Wagamama warns that a growing supply chain crisis could lead to higher food prices as it struggles to hire a chef to fill one-fifth of the restaurant’s vacancies.
This happens when the hospitality sector fights supply chain problems and the “worst case” of labor shortages amid rising demand after the coronavirus is lifted.
Wagamama’s recently appointed CEO, Thomas Hier, said he was struggling to fill the vacancies of about 30 chefs out of the chain’s 147 UK sites.
Brexit is affecting the number of European workers looking for jobs in the UK, as logistics companies rely on wage increases and sudden cash bonuses to fill the shortage of lorries and delivery drivers He said he blamed fierce competition in the recruitment market.
Hire told PA News Agency: “Especially the EU workforce has declined, but another is the intensification of competition with logistics and delivery companies, which are suffering from increased vacancies.”
According to the company’s boss, the hiring struggle arose as the demand for workers across the hospitality sector surged due to the rapid growth of the business following the deregulation of the coronavirus and the increased stay of British people.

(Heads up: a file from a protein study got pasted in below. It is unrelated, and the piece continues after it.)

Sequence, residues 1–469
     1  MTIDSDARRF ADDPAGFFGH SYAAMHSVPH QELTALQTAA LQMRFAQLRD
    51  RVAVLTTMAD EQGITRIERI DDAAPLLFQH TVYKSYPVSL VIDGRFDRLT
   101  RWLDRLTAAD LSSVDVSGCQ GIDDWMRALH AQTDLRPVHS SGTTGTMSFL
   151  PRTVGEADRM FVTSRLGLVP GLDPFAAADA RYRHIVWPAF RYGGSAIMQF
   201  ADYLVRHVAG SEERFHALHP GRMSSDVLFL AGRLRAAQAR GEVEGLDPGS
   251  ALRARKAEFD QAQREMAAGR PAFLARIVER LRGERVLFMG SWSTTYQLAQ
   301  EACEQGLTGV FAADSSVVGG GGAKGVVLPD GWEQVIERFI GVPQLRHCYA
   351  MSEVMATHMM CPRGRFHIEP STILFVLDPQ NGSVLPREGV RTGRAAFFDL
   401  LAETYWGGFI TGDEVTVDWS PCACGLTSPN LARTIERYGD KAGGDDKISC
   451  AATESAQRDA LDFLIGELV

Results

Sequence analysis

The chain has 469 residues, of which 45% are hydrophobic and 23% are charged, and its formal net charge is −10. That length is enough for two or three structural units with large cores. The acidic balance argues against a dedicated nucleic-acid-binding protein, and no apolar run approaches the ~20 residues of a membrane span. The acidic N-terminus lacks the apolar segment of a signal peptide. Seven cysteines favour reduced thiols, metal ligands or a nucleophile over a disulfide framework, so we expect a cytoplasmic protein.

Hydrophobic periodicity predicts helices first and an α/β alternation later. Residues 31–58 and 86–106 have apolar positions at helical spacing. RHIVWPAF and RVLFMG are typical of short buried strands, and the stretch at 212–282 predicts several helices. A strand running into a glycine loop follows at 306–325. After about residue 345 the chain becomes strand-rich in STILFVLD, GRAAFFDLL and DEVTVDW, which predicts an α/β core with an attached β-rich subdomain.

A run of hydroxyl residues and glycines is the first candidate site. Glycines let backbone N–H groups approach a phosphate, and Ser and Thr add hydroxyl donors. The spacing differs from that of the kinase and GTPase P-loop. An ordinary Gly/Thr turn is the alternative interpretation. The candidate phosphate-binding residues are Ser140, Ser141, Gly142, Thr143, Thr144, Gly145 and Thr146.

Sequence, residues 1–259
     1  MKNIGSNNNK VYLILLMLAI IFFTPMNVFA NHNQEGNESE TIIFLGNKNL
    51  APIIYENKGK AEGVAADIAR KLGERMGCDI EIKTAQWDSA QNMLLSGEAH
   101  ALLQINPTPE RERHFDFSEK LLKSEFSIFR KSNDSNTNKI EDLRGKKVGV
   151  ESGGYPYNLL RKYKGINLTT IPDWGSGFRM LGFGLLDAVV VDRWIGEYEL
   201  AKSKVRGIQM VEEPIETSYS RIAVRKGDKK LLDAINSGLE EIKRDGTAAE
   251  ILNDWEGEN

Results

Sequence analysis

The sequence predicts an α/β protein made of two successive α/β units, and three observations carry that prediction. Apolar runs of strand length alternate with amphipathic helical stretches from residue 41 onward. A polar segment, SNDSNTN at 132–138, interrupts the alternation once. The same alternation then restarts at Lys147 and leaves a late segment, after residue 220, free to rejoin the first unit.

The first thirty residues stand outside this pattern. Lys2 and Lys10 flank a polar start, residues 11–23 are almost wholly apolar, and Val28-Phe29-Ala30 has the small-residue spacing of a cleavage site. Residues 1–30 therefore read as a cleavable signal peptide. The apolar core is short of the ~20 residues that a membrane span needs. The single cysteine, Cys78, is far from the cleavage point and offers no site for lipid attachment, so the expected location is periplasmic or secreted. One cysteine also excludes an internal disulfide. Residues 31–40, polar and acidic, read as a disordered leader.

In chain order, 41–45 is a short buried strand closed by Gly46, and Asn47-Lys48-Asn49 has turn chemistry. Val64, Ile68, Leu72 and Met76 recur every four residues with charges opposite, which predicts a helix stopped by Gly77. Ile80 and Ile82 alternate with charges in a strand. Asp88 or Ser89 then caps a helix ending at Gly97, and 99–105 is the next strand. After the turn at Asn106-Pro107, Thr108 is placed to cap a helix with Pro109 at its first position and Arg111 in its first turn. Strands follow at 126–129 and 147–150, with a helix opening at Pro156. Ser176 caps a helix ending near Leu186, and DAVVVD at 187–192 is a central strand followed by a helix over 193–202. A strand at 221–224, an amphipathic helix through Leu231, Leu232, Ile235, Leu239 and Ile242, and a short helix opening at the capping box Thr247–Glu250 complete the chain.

He said August, which is usually a quiet month, saw sales comparable to the peak trading levels commonly seen in the fall.
“This is a worst-case situation that is higher than normal demand, with mixed supply chain challenges and a shortage of logistics staff,” Heier said.
He said the pan-Asian chain isn’t desperately short of chefs and ingredients, but feels the same pressure as many of its rivals.
He also warned that pressure could lead to higher food prices as the supply chain crisis heightened.
“I don’t think we or anyone else is out of the water yet,” he said.
Due to a shortage of truck drivers, big companies such as Tesco and Asda are offering new hires a £ 1,000 start-up bonus, and Amazon is “ We also offer “Golden Hello”.
According to the Recruitment & Employment Confederation (REC), the surge in demand for workers has led to 193,000 new classified ads in the week leading up to August 29th.
Selfish comments came when the group launched a “Plant Pledge” campaign, encouraging diners to eat more vegan food and reduce meat and dairy products to help the environment.
As part of a previously announced initiative, we have confirmed that 50% of our menus are meat-free for the first time since October 6th.
The company also outlined plans to expand its presence in the UK, aiming for an additional 40 sites over the next five years, including delivery kitchens.